Authors - Auconi P, Caldarelli G, Scala A, Ierardo G, Polimeni A Background - Network analysis, a recent advancement in complexity science, enables understanding of the properties of complex biological processes characterized by the interaction, adaptive regulation, and coordination of a large number of participating components. Objective - We applied network analysis to orthodontics to detect and visualize the most interconnected clinical, radiographic, and functional data pertaining to the orofacial system. Materials and Methods - The sample consisted of 104 individuals from 7 to 13 years of age in the mixed dentition phase without previous orthodontic intervention. The subjects were divided according to skeletal class; their clinical, radiographic, and functional features were represented as vertices (nodes) and links (edges) connecting them. Results - Class II subjects exhibited few highly connected orthodontic features (hubs), while Class III patients showed a more compact network structure characterized by strong co-occurrence of normal and abnormal clinical, functional, and radiological features. Restricting our analysis to the highest correlations, we identified critical peculiarities of Class II and Class III malocclusions. Conclusions - The topology of the dentofacial system obtained by network analysis could allow orthodontists to visually evaluate and anticipate the co-occurrence of auxological anomalies during individual craniofacial growth and possibly localize reactive sites for a therapeutic approach to malocclusion.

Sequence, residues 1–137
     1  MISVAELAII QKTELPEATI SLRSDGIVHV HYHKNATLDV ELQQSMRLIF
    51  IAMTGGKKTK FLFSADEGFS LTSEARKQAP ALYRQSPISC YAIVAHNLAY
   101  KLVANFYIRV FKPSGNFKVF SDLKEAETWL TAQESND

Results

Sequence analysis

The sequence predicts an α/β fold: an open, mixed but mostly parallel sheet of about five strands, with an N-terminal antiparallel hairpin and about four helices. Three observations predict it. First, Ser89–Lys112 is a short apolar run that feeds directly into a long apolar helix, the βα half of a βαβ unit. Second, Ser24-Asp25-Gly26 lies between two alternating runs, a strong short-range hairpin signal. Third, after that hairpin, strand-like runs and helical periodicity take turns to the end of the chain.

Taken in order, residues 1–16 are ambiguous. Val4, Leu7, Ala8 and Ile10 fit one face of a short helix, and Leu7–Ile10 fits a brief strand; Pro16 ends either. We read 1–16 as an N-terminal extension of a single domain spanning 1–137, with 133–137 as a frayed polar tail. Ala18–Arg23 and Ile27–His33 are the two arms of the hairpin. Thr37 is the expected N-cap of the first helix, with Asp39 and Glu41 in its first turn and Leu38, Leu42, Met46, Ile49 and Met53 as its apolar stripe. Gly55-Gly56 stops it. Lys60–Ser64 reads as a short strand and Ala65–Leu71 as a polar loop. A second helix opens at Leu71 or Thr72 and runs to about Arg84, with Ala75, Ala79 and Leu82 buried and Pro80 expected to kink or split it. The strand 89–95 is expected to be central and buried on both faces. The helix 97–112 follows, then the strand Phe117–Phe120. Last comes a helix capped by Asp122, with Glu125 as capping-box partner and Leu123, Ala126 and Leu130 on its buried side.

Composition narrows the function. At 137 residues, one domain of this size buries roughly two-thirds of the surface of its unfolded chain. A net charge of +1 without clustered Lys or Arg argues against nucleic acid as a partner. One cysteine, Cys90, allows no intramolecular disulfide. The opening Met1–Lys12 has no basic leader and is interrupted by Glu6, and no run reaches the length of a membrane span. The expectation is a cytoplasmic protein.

A network approach to orthodontic diagnosis

Caldarelli G;
2011-01-01

Abstract

Authors - Auconi P, Caldarelli G, Scala A, Ierardo G, Polimeni A Background - Network analysis, a recent advancement in complexity science, enables understanding of the properties of complex biological processes characterized by the interaction, adaptive regulation, and coordination of a large number of participating components. Objective - We applied network analysis to orthodontics to detect and visualize the most interconnected clinical, radiographic, and functional data pertaining to the orofacial system. Materials and Methods - The sample consisted of 104 individuals from 7 to 13 years of age in the mixed dentition phase without previous orthodontic intervention. The subjects were divided according to skeletal class; their clinical, radiographic, and functional features were represented as vertices (nodes) and links (edges) connecting them. Results - Class II subjects exhibited few highly connected orthodontic features (hubs), while Class III patients showed a more compact network structure characterized by strong co-occurrence of normal and abnormal clinical, functional, and radiological features. Restricting our analysis to the highest correlations, we identified critical peculiarities of Class II and Class III malocclusions. Conclusions - The topology of the dentofacial system obtained by network analysis could allow orthodontists to visually evaluate and anticipate the co-occurrence of auxological anomalies during individual craniofacial growth and possibly localize reactive sites for a therapeutic approach to malocclusion.
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Utilizza questo identificativo per citare o creare un link a questo documento: https://hdl.handle.net/20.500.11771/3920
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